You would be forgiven for thinking the Coachella Valley really only has one “season”, the six months when snowbirds flock to the desert for sun and fun (and crowded roads and restaurants).
The other six months? Too hot to even mention by name. From a distance, it can feel like we’re missing out on the range of the four seasons: the temperature changes, but the mountains stay the same.
And yet, like so much of the desert, there is more there than meets the eye while speeding by on the freeway. On foot, there are surprises waiting for those who take the time to search them out. I’ve been hiking trails in and around the Coachella Valley for more than 30 years, starting out in a backpack carrier on my parent’s shoulders, from palm to pines, cactus to clouds, and just about everywhere in between.
To this day, I’m still amazed by the wonders found hiding in the desert around each bend of the trail and canyon wall: springs crowded with lush ferns, plants and animals found nowhere else on Earth, and the signs of those that have hiked these trails before us for untold decades and centuries.
• READ NEXT: Hiking the Wonders of Murray Canyon in Palm Springs.
Still Hints of Fall Colors in the Mountains
The wonders I’m looking for are fall colors hiding away in the mountains, and they don’t get much better than along the Cactus Spring Trail in the Santa Rosa and San Jacinto Mountains National Monument, just 25 minutes from downtown Palm Desert. The Cactus Spring Trail winds through the rugged Santa Rosa Mountains, too many miles to bother counting. Stick to the first couple of miles, from the Sawmill Trailhead to Horsethief Creek, for a great half-day hike.
My wife ahead of me on the Cactus Spring Trail with Martinez Mountain in the distance. Take note of Martinez as you hike, and when in doubt head toward it to reach Horsethief Creek.
From the trailhead, follow the signs down a short dirt road, through the junction with the Sawmill Trail. Look for Martinez Mountain ahead of you – a lumpy hill in the distance. When in doubt, head towards that mountain and you will find your way!
Historical Ties to the Valley Below
After just a half mile you’ll come across your first landmark – the abandoned Dolomite Mine that was the source for all those white rock roofs popular in the 1950s and ’60s in the valley below. The exposed bright white rock, surrounded by ribbonwood and willows losing their leaves in the creekbed below, is especially striking early or late in the day.
The Harvesting Grounds of the Cahuilla
Continue onward towards Martinez, keeping an eye out for splashes of color – California fuschia and matchweed flowers bloom here in the fall, and buckthorn are covered in tiny red berries. The trail rises and falls through pinyon pines and junipers, and knee-high forests of prickly pear and agave. All of these plants would have been harvested by the Cahuilla as they moved up and down the mountains – this area must have provided quite a bounty!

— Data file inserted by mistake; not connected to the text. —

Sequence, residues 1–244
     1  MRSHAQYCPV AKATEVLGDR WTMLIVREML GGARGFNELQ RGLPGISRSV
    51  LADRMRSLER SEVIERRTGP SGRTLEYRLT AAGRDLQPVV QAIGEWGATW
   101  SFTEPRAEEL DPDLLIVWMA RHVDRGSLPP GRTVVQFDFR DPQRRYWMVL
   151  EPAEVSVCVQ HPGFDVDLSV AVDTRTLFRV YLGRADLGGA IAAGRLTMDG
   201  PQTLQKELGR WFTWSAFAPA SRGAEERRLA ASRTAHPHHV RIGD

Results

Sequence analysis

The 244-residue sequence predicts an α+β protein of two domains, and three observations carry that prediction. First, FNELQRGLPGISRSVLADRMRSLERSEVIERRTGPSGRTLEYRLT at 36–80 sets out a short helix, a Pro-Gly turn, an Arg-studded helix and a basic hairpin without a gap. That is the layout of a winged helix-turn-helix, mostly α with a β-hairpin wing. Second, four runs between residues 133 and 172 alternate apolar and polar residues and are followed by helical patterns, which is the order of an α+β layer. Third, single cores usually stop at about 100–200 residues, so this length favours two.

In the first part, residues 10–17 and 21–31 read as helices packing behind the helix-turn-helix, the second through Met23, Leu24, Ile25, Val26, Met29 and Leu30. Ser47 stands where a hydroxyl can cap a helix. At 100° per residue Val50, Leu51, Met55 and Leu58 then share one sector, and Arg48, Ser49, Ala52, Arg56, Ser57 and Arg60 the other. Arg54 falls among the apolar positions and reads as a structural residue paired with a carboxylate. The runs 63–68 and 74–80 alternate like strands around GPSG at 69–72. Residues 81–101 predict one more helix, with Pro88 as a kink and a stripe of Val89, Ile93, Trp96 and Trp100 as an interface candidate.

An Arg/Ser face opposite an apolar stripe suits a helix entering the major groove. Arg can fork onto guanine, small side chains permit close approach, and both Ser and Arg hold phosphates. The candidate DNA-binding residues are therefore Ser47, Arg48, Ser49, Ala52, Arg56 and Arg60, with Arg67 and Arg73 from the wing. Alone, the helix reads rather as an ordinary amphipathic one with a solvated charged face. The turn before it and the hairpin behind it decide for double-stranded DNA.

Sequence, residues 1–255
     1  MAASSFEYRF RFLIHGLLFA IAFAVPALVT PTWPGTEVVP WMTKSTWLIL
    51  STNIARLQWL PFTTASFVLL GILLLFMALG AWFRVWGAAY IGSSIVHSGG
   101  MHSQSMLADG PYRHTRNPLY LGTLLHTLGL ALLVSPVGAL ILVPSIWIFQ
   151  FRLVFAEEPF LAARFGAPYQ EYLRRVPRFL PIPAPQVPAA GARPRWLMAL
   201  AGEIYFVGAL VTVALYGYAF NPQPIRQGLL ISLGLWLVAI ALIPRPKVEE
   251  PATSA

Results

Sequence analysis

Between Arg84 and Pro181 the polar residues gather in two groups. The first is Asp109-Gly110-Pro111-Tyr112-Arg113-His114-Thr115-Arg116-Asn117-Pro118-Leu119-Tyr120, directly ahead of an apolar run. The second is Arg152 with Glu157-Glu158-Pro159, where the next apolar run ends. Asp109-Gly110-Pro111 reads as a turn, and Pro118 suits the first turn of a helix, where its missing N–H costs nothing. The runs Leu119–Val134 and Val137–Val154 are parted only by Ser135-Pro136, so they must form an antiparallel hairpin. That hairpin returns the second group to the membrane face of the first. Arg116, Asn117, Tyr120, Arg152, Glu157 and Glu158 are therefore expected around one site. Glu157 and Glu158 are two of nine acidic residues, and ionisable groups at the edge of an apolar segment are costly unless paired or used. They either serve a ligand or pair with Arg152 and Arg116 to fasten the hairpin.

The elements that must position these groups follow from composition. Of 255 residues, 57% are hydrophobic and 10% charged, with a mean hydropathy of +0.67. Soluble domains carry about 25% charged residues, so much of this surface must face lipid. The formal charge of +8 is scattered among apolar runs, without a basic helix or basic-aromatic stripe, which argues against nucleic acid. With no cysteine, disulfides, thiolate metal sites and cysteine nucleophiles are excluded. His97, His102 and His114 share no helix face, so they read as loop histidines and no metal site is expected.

A Dependable Water Source
in the Desert
After a little more than two miles, you’ll find yourself descending into Horsethief Creek. Keep an eye out for a white boulder on the left side of the trail – this marks the entrance to an old corral that was used by cattle ranchers, but (probably) never any actual horse thieves. Back on the trail, a few short switchbacks below you is the creek itself, a year-round source of water among cottonwood and ash trees in shades of yellow and orange this time of year.
Hop across the creek and ignore the trail post that points away from the creek – the Cactus Spring Trail continues beyond this point, but the trail is poorly marked and hard to follow. Instead, hop over the log to the right of the sign and have a snack in the shade of a large oak tree, and listen for birds and tree frogs.
Return to the parking lot along the same trail that brought you there. Fair warning: the return leg of your journey is more difficult. It’s hilly, and you’ll be going more uphill than not. The unique wonders of this trail are more than worth the effort!
A California tree frog (Pseudacris cadaverina), trying to ignore the author sticking his camera in its face.
• Trail Name: Cactus Spring Trail
• Find it on Google Maps: Sawmill Trail 5E02
• Length: 4.6 Miles
• Difficulty: Moderate
• Duration: 4-5 hours
• Cell Service: Yes (Verizon)
• Water: There is almost always water in Horsethief Creek, and often at other unnamed creeks along the way, all of which need to be treated to drink. The only way to be certain of water in the desert is to carry it with you from the start – bring at least two liters.